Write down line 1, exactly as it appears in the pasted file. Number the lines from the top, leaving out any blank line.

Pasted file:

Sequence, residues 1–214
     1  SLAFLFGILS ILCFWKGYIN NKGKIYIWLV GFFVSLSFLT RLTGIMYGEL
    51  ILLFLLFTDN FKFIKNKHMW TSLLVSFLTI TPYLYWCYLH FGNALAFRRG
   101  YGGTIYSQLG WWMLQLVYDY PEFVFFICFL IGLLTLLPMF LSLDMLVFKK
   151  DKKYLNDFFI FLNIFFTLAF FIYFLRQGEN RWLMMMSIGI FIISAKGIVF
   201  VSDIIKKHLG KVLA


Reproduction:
Sequence, residues 1–214